TEXT OF INTERVIEW
SCOTT JAGOW: Last week, the McClatchy newspaper chain sold the Minneapolis Star-Tribune to a private equity firm. McClatchy’s getting a lot less than it paid for the paper a few years ago, but it’s also getting an unusual tax break. Newsweek’s Allan Sloan has been snooping around trying to figure out how McClatchy did it. Alright, Allan, what’d you find out?
ALLAN SLOAN: I found out it’s because of something called a horizontal double dummy.
JAGOW: I’m sorry, horizontal double dummy?
SLOAN: Yes. I can see that you are not into tax law Scott. More the pity . . .
JAGOW: No that could be safely said. OK.
SLOAN: A horizontal double dummy is a term of tax art for a transaction where company A takes control of company B but instead of using a standard thing where the companies merge, you keep the companies separate and you have two, I guess, double companies and it’s what’s called in the trade a horizontal merger. So you have a horizontal double dummy which allowed McClatchy to add a billion dollars to the cost of the Star-Tribune for tax purposes, whereas had it done a normal transaction back in 1998 when it bought the Star-Tribune it wouldn’t be able to get a tax loss.
JAGOW: So is this a common thing? Do a lot of companies use this or no?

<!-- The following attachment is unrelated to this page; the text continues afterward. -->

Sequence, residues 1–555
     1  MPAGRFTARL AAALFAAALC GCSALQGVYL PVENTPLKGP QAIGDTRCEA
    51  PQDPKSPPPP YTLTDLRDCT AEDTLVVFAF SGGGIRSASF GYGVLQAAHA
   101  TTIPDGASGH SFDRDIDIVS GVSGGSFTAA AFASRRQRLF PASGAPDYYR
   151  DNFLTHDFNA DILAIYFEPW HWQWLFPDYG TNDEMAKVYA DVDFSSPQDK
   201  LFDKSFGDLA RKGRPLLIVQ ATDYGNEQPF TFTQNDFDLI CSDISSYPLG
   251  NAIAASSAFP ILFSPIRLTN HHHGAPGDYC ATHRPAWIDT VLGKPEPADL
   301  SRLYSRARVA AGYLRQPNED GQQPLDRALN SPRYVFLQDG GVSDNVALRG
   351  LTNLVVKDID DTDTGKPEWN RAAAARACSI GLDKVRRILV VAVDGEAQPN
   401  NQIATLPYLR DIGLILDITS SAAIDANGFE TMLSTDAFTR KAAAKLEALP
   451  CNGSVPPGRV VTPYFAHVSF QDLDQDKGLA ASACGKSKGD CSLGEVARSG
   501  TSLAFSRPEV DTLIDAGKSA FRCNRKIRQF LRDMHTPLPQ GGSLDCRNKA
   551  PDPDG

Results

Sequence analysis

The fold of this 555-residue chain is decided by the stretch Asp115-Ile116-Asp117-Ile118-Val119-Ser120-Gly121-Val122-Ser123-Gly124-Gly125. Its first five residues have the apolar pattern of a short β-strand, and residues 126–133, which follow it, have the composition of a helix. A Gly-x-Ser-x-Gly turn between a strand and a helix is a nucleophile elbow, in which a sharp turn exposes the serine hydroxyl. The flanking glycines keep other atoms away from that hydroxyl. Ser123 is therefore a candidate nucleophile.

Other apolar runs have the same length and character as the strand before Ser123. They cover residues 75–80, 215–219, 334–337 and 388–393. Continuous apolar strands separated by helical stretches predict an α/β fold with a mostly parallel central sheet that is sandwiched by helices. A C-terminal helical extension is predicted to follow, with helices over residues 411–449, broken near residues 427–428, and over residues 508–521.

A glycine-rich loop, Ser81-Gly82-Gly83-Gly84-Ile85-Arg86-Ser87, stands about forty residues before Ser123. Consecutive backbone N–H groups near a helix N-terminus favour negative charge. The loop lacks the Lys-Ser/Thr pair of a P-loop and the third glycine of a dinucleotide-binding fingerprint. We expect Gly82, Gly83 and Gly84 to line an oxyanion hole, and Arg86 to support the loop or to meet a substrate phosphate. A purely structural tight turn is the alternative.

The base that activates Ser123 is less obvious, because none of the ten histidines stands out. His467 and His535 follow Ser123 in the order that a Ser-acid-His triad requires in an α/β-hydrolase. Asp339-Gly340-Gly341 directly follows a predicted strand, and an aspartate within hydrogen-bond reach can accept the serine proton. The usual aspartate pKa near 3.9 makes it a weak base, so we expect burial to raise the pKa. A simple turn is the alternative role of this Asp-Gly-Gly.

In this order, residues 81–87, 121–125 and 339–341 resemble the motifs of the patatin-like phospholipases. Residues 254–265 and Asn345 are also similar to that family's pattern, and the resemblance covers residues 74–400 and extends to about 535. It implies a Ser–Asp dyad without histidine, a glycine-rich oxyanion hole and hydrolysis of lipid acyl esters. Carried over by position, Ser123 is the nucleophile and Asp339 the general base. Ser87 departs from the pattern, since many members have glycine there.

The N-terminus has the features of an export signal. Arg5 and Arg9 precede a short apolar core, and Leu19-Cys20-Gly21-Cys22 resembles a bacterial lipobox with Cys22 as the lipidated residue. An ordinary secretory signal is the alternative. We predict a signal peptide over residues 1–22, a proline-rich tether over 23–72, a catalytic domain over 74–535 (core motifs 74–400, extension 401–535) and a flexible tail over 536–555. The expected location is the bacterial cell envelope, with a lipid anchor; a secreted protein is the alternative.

SLOAN: It’s not common. And the more I look into this, the more surprised I am that it’s not common because if you’re doing a corporate takeover transaction where you’re paying any significant amount of cash as part of what you’re paying, the double dummy gives you much more flexibility around certain problems. It’s just very interesting that years and years ago when almost nobody was paying attention, McClatchy did this double dummy thing which now saves them $160 million and I just found it because I was frustrated. I couldn’t understand why it was that McClatchy was getting a big tax deduction when I knew if the New York Times sold the Boston Globe, which is now worth maybe half of what it paid, it wouldn’t get a tax deduction and if Tribune sold the L.A. Times, they wouldn’t get a tax deduction. And you know I looked at the contract and I asked a fellow at Lehman Brothers, Bob Willens, why this was and he looked at it and in about 12 seconds said, ‘well it’s a horizontal double dummy.’
JAGOW: Of course!
SLOAN: Everybody knows that.
JAGOW: Thanks a lot Allan.
SLOAN: You’re welcome, Scott.
JAGOW: Allan Sloan is the Wall Street editor for Newsweek Magazine. In Los Angeles, I’m Scott Jagow. Thanks for listening and have a great Monday.
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